|Matthew Henry's Concise Commentary|
21:23-27 As our Lord now openly appeared as the Messiah, the chief priests and scribes were much offended, especially because he exposed and removed the abuses they encouraged. Our Lord asked what they thought of John's ministry and baptism. Many are more afraid of the shame of lying than of the sin, and therefore scruple not to speak what they know to be false, as to their own thoughts, affections, and intentions, or their remembering and forgetting. Our Lord refused to answer their inquiry. It is best to shun needless disputes with wicked opposers.
Verse 27. - We cannot tell; οὐκ οἴδαμεν: we know not; Vulgate, nescimus. The Authorized Version seems, at first sight, to be intended to give a false emphasis to "tell" in Christ's answer; but our translators often render the verb οἴδα in this way (see John 3:8; John 8:14; John 16:18; 2 Corinthians 12:2). The questioners could find no way out of the dilemma in which Christ's unerring wisdom had placed them. Their evasive answer was a confession of defeat, and that in the presence of the gaping crowd who stood around listening to the conversation. They had every opportunity of judging the character of John's mission and that of Christ; it was their duty to form an opinion and to pronounce a verdict on such claims; and yet they, the leaders and teachers of Israel, for fear of compromising themselves, evade the obligation, refuse to solve or even to entertain the question, and, like a modern agnostic, content themselves with a profession of ignorance. Many people, to avoid looking a disagreeable truth in the face, respond to all appeals with the stereotyped phrase, "We cannot tell." F.M. appositely quotes the comment of Donatus on Terent., 'Eunuch.,' 5:4, 31, "Perturbatur Parmeno; nec negare potuit, nec consentire volebat; sed quasi defensionis loco dixit, Nescio." And he said unto them; ἔφη αὐτοῖς καὶ αὐτός: he also said unto them. The Lord answers the thought which had dictated their words to him. Neither tell I you, etc. With such double-minded men, who could give no clear decision concerning the mission of such a one as John the Baptist, it would be mere waste of words to argue further. They would not accept his testimony, and recognizing their malice and perversity, he declined to instruct them further. "Christ shows," says Jerome, "that they knew and were unwilling to answer; and that he knew, but held his peace, because they refused to utter what they well knew."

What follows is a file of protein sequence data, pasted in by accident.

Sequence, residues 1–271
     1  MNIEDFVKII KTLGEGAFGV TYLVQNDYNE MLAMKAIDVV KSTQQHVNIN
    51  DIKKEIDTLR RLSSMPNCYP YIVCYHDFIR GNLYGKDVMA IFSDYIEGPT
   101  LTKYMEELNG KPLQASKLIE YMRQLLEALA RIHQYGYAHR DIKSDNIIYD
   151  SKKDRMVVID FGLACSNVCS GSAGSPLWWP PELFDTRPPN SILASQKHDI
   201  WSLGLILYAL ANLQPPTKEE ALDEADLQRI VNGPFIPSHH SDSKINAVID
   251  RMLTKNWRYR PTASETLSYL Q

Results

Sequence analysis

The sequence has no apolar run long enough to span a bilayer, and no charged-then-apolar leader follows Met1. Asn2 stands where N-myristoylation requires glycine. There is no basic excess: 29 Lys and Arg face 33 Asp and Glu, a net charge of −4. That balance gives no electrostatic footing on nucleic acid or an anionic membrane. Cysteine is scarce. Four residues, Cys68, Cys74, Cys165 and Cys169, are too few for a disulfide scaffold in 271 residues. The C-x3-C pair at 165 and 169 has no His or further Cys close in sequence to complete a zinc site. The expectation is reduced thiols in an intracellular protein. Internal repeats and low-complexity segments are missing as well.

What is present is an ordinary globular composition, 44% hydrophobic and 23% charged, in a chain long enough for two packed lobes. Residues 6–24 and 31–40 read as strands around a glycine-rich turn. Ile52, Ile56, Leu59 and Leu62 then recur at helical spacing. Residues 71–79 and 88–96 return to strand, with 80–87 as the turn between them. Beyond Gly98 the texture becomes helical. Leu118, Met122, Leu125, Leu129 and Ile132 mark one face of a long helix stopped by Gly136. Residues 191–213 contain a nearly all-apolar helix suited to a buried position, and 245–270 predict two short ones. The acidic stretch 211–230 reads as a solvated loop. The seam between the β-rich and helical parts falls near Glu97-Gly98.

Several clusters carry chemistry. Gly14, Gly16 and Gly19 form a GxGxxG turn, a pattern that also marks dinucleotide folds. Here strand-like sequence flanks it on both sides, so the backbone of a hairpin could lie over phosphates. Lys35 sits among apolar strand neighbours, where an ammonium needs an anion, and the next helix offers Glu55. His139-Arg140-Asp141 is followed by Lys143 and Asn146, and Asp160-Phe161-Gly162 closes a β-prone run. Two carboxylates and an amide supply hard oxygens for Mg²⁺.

Gill's Exposition of the Entire Bible
And they answered Jesus and said, we cannot tell,.... They saw the dilemma they were brought into; they chose rather therefore to speak against their own consciences, and tell a wilful lie, and incur the reproach of ignorance: who, at other times, took upon them to judge of a prophet, whether he was a true or a false one, and by what authority he acted, whether of God, or man: but now being reduced to this wretched condition, contrary to their office and character, declare they did not know, and could not tell from whence John had his commission, and who gave him his authority:
and he said unto them, neither tell I you by what authority I do these things: since, according to the proposal of Christ, and the agreement he entered into with them, they did not give him a direct answer to his question, he looked upon himself under no obligation to inform them, what was his authority, and from whence he had it; though by the question he put to them he tacitly suggests, that he had his authority not from man, but from God; and by this his answer signifies, that since John preached and baptized without their authority and approbation, so might he; nor was he dependent on them, or accountable to them.
Jamieson-Fausset-Brown Bible Commentary
27. And they answered Jesus, and said, We cannot tell—Evidently their difficulty was, how to answer, so as neither to shake their determination to reject the claims of Christ nor damage their reputation with the people. For the truth itself they cared nothing whatever.
Neither tell I you by what authority I do these things—What composure and dignity of wisdom does our Lord here display, as He turns their question upon themselves, and, while revealing His knowledge of their hypocrisy, closes their mouths! Taking advantage of the surprise, silence, and awe produced by this reply, our Lord followed it up immediately by the two following parables.
Parable of the Two Sons (Mt 21:28-32).
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